Remember being a kid and and solving the riddles in the back of the Sunday paper’s Comics section? Well, here’s an age-old favorite:
A father and son get into a car accident. The father rushes his son to the hospital, and meets the surgeon. But the surgeon says, “I can’t operate on him. He’s my son.” How is this possible?
The doctor is the son’s mother.
For some, it is a surprisingly difficult riddle. Like most riddles, it makes one think. Unlike some, it poses a larger question: are there male jobs and female jobs? One would think that by the time we hit our twenties, most of us would answer “No.” But the Spring 2011 FT 505 class recently learned that there are implicit discrepancies between male and female roles in the industry.
Their semester project was to produce a video for a client — the Geena Davis Institute on Gender in Media.
“[We had] to make a video for six to nine year-olds about gender bias in media,” said Boston University senior Caitlin Cohen, “so they don’t fall into the stereotypical thinking previous generations have.”
Soon enough, the production team realised their own accounts as aspiring film makers amounted to many collective experiences of gender bias. They discussed it in a follow-up behind the scenes video.
Cohen answered a few questions about her experience with the eye-opening project and the obstacles women face in the film industry.
The Quad: How have your personal experiences been relevant to your participation in this project?
Cohen: I guess I’ve always gotten annoyed with being told I couldn’t do things because I was a girl. Even as a kid I was super defensive about it. It just seemed like a way to keep girls from having as much fun as the boys. Like, if a boy misbehaves, it’s “boys being boys” and they’re meeting expectations, but girls are always expected to behave better and be more docile learners, so I think we get in more trouble for the exact same thing …. When I was about 17 I learned that, just by looking at the numbers, I have every right to be annoyed by the difference in the treatment of men and women
Did you come upon any startling information during your years as a television major?
When I took this class, I got to do more research on the discrepancy between male and female characters in film and television. We learned about this simple test called the “Bechdel Test,” named after a feminist comic book writer from the 80s, Alison Bechdel. In it, it asks 3 questions about any film or TV show you’re watching:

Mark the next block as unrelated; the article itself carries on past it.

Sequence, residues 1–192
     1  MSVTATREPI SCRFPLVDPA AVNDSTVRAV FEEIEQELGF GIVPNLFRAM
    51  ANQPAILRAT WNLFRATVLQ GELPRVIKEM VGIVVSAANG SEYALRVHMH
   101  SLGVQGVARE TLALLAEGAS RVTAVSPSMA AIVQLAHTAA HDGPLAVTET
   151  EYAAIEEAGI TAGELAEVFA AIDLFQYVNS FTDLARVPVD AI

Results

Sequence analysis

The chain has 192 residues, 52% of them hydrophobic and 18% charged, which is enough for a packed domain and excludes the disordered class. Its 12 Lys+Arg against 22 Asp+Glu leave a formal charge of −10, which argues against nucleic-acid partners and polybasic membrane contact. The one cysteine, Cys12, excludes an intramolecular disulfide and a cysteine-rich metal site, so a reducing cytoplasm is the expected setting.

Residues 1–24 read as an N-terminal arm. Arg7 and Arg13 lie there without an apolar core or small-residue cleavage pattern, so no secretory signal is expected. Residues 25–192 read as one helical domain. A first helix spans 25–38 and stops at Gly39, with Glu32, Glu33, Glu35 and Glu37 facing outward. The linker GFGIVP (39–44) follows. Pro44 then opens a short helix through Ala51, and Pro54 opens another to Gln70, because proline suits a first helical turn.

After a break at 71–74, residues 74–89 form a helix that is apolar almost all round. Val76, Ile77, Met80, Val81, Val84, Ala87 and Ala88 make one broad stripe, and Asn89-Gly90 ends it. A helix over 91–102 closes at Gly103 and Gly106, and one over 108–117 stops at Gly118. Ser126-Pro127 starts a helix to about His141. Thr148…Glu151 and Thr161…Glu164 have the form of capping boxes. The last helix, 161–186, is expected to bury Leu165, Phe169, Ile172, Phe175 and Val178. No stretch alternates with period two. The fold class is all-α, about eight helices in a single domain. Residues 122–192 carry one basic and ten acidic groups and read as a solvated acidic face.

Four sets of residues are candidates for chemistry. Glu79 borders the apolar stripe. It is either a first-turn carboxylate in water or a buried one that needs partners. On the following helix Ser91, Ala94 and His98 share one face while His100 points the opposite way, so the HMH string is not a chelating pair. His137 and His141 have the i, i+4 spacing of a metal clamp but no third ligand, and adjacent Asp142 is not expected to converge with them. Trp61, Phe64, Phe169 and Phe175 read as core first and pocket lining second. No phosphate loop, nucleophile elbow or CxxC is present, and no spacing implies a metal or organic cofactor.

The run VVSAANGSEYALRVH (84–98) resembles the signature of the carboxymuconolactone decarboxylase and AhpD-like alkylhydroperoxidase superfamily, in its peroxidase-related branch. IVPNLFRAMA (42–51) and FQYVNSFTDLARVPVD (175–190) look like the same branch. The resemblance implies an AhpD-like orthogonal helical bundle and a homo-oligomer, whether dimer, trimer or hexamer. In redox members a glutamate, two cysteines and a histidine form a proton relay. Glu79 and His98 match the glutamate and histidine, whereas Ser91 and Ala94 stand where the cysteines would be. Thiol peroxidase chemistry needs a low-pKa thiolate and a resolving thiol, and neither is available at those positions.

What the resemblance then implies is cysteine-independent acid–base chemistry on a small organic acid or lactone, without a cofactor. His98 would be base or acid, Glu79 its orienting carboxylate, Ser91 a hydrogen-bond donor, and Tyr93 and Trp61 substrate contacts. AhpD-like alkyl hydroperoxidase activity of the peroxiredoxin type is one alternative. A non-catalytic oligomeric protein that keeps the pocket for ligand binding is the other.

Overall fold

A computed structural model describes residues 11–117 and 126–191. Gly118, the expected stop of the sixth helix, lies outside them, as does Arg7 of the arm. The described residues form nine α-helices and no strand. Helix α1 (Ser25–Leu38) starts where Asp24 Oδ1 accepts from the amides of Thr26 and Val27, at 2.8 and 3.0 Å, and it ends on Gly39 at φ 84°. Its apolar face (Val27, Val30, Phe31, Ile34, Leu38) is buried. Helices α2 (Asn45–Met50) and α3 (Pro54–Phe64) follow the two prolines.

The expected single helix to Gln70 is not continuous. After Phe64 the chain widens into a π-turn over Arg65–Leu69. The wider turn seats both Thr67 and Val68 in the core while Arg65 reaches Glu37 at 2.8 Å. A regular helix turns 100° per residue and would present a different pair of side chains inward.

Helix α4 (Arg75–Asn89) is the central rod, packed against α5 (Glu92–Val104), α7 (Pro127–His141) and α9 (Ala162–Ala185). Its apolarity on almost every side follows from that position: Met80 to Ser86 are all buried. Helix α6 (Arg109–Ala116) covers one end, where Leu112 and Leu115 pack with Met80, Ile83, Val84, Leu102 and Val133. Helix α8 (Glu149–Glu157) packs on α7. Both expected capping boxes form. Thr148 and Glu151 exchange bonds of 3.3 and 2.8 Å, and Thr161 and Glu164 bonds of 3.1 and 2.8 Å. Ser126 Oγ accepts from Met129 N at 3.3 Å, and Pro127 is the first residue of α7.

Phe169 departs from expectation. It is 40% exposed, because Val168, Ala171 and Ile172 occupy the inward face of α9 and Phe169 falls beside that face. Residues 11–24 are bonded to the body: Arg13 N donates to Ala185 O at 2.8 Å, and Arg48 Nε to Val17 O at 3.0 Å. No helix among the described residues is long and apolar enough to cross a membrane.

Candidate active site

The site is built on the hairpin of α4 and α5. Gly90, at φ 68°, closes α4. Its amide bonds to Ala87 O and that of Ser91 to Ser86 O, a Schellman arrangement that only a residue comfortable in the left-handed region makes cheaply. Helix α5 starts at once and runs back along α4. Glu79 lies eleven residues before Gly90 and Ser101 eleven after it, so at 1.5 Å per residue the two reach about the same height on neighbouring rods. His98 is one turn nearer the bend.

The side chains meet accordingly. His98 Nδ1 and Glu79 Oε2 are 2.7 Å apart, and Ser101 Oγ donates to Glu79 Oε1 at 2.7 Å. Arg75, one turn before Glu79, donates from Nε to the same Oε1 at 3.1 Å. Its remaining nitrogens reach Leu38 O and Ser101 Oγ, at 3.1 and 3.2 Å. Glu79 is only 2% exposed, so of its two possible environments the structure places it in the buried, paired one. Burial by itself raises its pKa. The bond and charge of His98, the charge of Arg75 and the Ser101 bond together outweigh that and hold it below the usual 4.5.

1. Are there 2 female characters with names? (Sorority Girl #1 doesn’t count.)
2. Do they talk to each other?
3. Do they talk to each other about something other than a man?
It’s astounding how many movies, and even movies supposedly geared towards women, don’t pass this test.
How do you think women in film (from directors to actors) are treated in the industry?
The problem that I have with Hollywood is not that they don’t necessarily hire women, it’s that the stories they tell are constantly from the white male perspective.
My favorite example, is “Superbad.” A totally unattractive and complete jerk (ugly inside and out) just wants sex with a hot girl. Fine, that makes sense. But at no point in the story does he prove he deserves it, and then he ends up with Emma Stone? What about what she deserves? It’s … without even a thought as to what goes on in the female brain.
Since then, Judd Apatow has learned that the overweight manchild with a heart of gold buried somewhere deep in his misogynistic manboobs is apparently considered “sexist,” so[he] does a raunchy comedy [about] women. 40-Year-Old Virgin takes place in a tech store. Knocked Up is about a one-night-stand …. And the female raunchy comedy is called Bridesmaids. I’m not going to elaborate any further.
Do you see any change on the horizon?
I have no idea when we’re going to change from a mostly-male perspective, where the few women in the movies are the mother or the sex object or the fat girl and that’s it, but I do know that the only way that we will change is if the girls in the industry start writing and directing stories about ourselves. And doing it well, obviously.
What was it like working on a male-female team for this project?
I absolutely loved my production team. Seriously, they were great. Not everyone really believed it was an important topic. A [few people] believed we were making a big deal out of nothing. But overall everyone worked really hard and was really nice. If I end up working with any of them again, I’ll be pretty happy about it.
One of Cohen’s classmates, Sarah Kamaras, submitted the project to a festival, and the group won an award. As for the kids featured in their video, hopefully they’ll carry on the lessons they learned about gender roles. The riddle is difficult because some identify “doctor” as a male role. But hopefully, some thought the riddle was obvious. That’s a good omen for gender roles, on and off the silver screen.